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What spring rates is everyone running?

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Well, I figured it out. I'm going to run 175lb. in front and 200lb. out back. Oh, yes I do have ST sway bars, poly bushings, and (soon to come) coilovers icon_biggrin.gif . Now I have to read about strut sectioning, and find out what Tokico shocks I have to buy, by that I mean for which car the shocks are intended for. Thanks everyone for all the replies. icon_smile.gif

 

!M!

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On 1/10/2002 at 6:42 AM, jeromio said:

I'm the odd man out with "soft" springs - 150/175. I marvel at those running stiffer springs. This is with an L28, but I believe my LS1 will weigh slightly less.

 

My car is crazy, punishing stiff. No track for me yet. Handles great IMO, but I do wish it wasn't so rough over expansion joints, etc.

 

For real. I'm at 225/280 on my coilovers. It is miserable on the street over bumps. 280z with L28ET.  It would handle great on smooth track, but over potholes/bumps, I feel like I actually lose out on handling because it bounces me to the other side of the road.

Edited by AlbatrossCafe

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78 280z. Bought the TTT setup and had 250 front , 300 rear on konis. Felt too soft, swapped to 300 up front. It is slightly stiff but feels much better than the 250s. 250s are way too light for the rear. The shocks are probably around 2/3 compressed at ride height. Just bought 350s, haven't installed them to know if they are going to be too stiff, but at 1620 rear weight with me, spare, full tank, etc. it should be around 1/3 compressed at ride height.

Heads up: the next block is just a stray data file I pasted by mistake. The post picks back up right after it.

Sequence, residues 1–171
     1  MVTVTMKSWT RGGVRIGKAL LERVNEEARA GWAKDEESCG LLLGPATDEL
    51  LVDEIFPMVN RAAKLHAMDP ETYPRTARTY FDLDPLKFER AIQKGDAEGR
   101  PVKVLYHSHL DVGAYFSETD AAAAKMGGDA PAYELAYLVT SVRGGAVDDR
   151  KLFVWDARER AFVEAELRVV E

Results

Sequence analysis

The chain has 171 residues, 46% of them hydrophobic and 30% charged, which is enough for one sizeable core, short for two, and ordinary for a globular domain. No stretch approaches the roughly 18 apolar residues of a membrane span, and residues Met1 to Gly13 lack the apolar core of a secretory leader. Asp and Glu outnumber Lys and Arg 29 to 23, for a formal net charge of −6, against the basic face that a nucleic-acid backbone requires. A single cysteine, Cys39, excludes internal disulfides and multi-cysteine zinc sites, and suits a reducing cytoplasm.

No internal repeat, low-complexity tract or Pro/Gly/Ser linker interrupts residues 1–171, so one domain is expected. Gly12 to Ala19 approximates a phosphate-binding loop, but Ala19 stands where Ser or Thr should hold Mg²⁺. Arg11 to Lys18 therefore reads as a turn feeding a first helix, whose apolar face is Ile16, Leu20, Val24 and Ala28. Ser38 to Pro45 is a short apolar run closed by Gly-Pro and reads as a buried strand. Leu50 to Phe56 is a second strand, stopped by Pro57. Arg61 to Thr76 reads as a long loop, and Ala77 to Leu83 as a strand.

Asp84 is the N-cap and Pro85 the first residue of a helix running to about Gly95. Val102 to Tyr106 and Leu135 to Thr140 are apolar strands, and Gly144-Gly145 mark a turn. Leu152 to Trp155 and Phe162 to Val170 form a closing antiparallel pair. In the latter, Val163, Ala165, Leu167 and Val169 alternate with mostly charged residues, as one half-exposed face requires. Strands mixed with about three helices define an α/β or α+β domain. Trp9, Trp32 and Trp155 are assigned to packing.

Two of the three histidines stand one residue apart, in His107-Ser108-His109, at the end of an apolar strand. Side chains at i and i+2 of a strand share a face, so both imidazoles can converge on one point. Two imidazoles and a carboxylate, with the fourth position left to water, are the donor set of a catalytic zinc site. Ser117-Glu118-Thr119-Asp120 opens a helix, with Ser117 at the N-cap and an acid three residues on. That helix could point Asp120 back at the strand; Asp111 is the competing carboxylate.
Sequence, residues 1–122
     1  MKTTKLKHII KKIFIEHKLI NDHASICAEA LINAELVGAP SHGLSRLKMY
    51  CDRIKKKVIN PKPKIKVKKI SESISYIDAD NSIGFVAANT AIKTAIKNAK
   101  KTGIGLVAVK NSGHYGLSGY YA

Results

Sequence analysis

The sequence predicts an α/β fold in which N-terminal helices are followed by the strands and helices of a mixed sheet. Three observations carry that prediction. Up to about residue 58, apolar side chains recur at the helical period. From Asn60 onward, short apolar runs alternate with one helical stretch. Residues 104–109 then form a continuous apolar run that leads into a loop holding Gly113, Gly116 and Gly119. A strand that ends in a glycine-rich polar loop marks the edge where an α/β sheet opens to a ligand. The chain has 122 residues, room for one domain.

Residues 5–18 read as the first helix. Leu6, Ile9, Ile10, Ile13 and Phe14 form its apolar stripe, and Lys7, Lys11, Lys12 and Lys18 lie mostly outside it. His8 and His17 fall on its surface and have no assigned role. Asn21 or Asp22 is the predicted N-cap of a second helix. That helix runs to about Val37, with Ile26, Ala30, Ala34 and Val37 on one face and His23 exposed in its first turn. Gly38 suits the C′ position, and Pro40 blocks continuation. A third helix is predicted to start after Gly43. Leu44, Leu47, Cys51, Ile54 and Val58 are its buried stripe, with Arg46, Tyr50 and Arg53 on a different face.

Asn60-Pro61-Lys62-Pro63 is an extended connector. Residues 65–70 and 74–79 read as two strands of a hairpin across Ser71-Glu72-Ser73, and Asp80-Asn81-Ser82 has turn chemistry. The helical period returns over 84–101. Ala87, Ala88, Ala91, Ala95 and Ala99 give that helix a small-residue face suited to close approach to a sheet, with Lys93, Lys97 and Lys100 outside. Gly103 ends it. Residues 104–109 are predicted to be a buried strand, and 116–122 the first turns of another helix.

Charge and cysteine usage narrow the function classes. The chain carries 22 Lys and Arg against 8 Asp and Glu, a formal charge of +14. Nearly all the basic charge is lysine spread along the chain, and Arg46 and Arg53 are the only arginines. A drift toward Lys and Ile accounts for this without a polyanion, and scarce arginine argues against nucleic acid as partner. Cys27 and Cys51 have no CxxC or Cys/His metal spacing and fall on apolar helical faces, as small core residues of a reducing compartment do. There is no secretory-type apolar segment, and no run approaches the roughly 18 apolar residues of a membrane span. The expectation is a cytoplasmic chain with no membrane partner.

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On 1/11/2002 at 12:28 AM, Guest Rick Johnson said:

Regarding the comment about the suspension being stiff on square edges orr expansion joints.

 

I use 165 # front and 190# rear spring rates. I have a 1" front bar and a 3/4" rear bar. The secret to a plush ride on square edges is to have compliance (or a spring of some sort) in series with the shock absorber or strut in our case. They call this tailored damping. It allows the shocks to be stiff enough to control roll etc. but provides some cushion from the initial shock of contacting the square edge on the road. In practice this compliance comes from rubber control arm bushings and strut mounts. The rubber acts as the spring in series with the shock.

 

The most critical axis for isolation from smaller square edge road disturbances is horizontal in the rearward direction. This allows the wheels to move rearward immediately while the strut gets around to allowing the wheel to travel upwards. On our 240z's, the two most critical locations for horizontal rearward isolation are the tension rod mounts to the frame and the forward rear control arm mounts. Typically people put hard urethane or even worse, nylon, in these locations. Converting back to the rubber in these two locations will make a big difference in ride comfort. ( I actually shimmed the rubber tension rod bushings to preload them which minimized tension rod movement.) It was still a huge improvement over the nylon pieces I had there.

 

I can imagine that the hard core racers are laughing at these lower spring rates and talk of road imput isolation, but if you value your ride comfort like I do, these turned out to be reasonable compromises.

 

I was running 4k (224#) springs front and 5k (280#) rear. I just bought 3k (168#) to put on the front and move my 4k to the rear. I thought the stiffness was springs.